Special Report

Biggest Hits of the '80s According to Billboard

Kool & the Gang
Michael Ochs Archives / Michael Ochs Archives via Getty Images

The 1980s were a golden age for music, with the advent of new genres, music videos, and even the walkman. In fact, a 2021 survey by Ipsos found that 40% of Americans still thought the best music was that produced in the 1980s.   

The ‘80s pop scene featured iconic artists like Tina Turner and Diana Ross, as well as legendary bands like Queen and Blondie. Musicians began to utilize electronic instruments, prompting catchy dance hits, opening up a new world of sound, and setting the stage for future decades of pop music.    

To determine the biggest pop hits of the 1980s, 24/7 Tempo reviewed performance data on the Billboard Hot 100 charts. Songs were ranked based on an inverse score wherein a week at No. 1 is worth 100 points, a week at No. 2 worth 99 points, and so on, up to a week at No. 100 worth one point. Chart data is current through the week of August 20, 2022. (Christmas songs were not included.)

The biggest pop hits of the 1980s not only performed well on the Hot 100, but also received prestigious accolades. A dozen of the 80’s hits ranked on this list won Grammy nominations, and seven brought home Grammys. The winners included No. 2, Young M.C.’s “Bust a Move,” and No. 16, “Eye of the Tiger” by Survivor. The music video for No. 7, “Physical” by Olivia Newton-John – a montage that famously featured leotard-clad actors exercising together – earned her a Grammy for Video of the Year,  

In fact, of all of the biggest ‘80s pop hits, “Physical” remained at the No. 1 position on the Hot 100’s for the longest amount of time, 10 weeks in total. Not far behind were No. 17,  Diana Ross & Lionel Richie’s, “Endless Love,” and No. 15, Kim Carnes’s, “Bette Davis Eyes,” both of which remained at the top spot for nine weeks. (These are the artists with the most No. 1 hits.)

Click here to see the biggest hits of the ‘80s according to Billboard

While many of the biggest pop hits from the 1980s came from bands, 15 of the songs on our list were either performed by solo artists, or duets between two solo artists. The duet “Endless Love,” No. 17, between Lionel Richie and Diana Ross, was nominated for a Grammy. Diana Ross also had a solo hit: No. 7, “Upside Down.” (These are solo artists who were more successful than their bands.)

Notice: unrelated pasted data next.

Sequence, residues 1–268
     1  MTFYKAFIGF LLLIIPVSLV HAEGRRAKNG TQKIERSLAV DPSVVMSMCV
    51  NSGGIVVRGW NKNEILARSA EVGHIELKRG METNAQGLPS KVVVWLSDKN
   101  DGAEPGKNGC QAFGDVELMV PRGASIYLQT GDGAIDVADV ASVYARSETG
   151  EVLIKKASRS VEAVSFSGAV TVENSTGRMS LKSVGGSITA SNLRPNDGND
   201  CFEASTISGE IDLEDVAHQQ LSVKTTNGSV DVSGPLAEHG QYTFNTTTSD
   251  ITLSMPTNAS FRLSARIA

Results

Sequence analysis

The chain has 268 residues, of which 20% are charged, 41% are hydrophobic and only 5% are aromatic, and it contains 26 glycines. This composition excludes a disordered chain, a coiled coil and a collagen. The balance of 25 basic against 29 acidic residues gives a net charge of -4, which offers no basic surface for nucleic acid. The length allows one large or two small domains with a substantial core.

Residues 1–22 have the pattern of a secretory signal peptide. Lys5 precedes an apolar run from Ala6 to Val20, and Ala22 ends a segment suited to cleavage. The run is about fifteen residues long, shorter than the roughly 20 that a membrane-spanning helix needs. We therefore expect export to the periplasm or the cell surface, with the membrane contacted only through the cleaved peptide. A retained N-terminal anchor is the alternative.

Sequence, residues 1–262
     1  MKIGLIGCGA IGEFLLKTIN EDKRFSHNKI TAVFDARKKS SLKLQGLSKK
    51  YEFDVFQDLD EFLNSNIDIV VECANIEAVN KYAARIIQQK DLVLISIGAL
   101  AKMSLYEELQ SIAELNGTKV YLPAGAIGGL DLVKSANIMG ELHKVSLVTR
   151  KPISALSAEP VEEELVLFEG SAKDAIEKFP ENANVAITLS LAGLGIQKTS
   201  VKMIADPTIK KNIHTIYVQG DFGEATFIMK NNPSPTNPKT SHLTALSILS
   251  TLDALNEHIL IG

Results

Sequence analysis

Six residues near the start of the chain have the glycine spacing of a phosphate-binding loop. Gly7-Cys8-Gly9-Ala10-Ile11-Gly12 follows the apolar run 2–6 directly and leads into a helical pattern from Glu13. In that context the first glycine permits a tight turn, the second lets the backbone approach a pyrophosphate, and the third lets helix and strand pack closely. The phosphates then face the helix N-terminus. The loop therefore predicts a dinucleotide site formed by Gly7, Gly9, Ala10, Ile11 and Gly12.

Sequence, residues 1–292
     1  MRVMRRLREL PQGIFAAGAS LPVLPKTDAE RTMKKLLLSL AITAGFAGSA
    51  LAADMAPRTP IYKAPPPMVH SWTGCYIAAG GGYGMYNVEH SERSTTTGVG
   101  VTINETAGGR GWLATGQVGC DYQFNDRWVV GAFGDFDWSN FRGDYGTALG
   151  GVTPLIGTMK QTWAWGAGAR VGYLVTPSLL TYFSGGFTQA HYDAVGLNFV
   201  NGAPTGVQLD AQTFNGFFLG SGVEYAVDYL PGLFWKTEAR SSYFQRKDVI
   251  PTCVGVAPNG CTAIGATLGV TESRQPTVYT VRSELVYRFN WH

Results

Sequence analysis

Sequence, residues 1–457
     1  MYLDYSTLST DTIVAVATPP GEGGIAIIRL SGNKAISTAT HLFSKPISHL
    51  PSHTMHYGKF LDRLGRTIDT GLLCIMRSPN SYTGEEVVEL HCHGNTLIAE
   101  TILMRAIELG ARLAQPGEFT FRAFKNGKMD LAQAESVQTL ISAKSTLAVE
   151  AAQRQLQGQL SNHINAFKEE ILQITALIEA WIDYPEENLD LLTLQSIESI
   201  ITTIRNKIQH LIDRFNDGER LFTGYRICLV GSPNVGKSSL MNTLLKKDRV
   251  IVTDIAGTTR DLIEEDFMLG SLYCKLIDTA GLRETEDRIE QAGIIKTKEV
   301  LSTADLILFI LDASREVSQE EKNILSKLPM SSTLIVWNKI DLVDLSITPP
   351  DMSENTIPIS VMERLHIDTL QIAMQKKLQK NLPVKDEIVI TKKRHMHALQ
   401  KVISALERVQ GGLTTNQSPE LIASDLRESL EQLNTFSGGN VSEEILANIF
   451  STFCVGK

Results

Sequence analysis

Source: David Redfern / Getty Images

25. Tina Turner, “What’s Love Got To Do With It”
> Entered Hot 100: May 19, 1984
> Peak position on Hot 100: #1 (for 3 weeks)
> Total weeks on Hot 100: 28

[in-text-ad]

Source: Hulton Archive / Hulton Archive via Getty Images

24. Blondie, “Call Me”
> Entered Hot 100: February 16, 1980
> Peak position on Hot 100: #1 (for 6 weeks)
> Total weeks on Hot 100: 25

Source: Michael Ochs Archives / Michael Ochs Archives via Getty Images

23. Eddie Rabbitt, “I Love A Rainy Night”
> Entered Hot 100: November 8, 1980
> Peak position on Hot 100: #1 (for 2 weeks)
> Total weeks on Hot 100: 28

Source: Michael Ochs Archives / Getty Images

22. Eddie Rabbitt With Crystal Gayle, “You And I”
> Entered Hot 100: October 9, 1982
> Peak position on Hot 100: #7 (for 4 weeks)
> Total weeks on Hot 100: 29

[in-text-ad-2]

Source: Jodi Hilton / Stringer / Getty Images Entertainment

21. The J. Geils Band, “Centerfold”
> Entered Hot 100: November 7, 1981
> Peak position on Hot 100: #1 (for 6 weeks)
> Total weeks on Hot 100: 25

Source: Rick Kern / Getty Images Entertainment via Getty Images

20. Diana Ross, “Upside Down”
> Entered Hot 100: July 12, 1980
> Peak position on Hot 100: #1 (for 4 weeks)
> Total weeks on Hot 100: 29

[in-text-ad]

Source: RB / Redferns via Getty Images

19. The Steve Miller Band, “Abracadabra”
> Entered Hot 100: May 29, 1982
> Peak position on Hot 100: #1 (for 2 weeks)
> Total weeks on Hot 100: 25

Source: David Redfern / Redferns via Getty Images

18. Bonnie Tyler, “Total Eclipse Of The Heart”
> Entered Hot 100: July 16, 1983
> Peak position on Hot 100: #1 (for 4 weeks)
> Total weeks on Hot 100: 29

Source: Keystone / Hulton Archive via Getty Images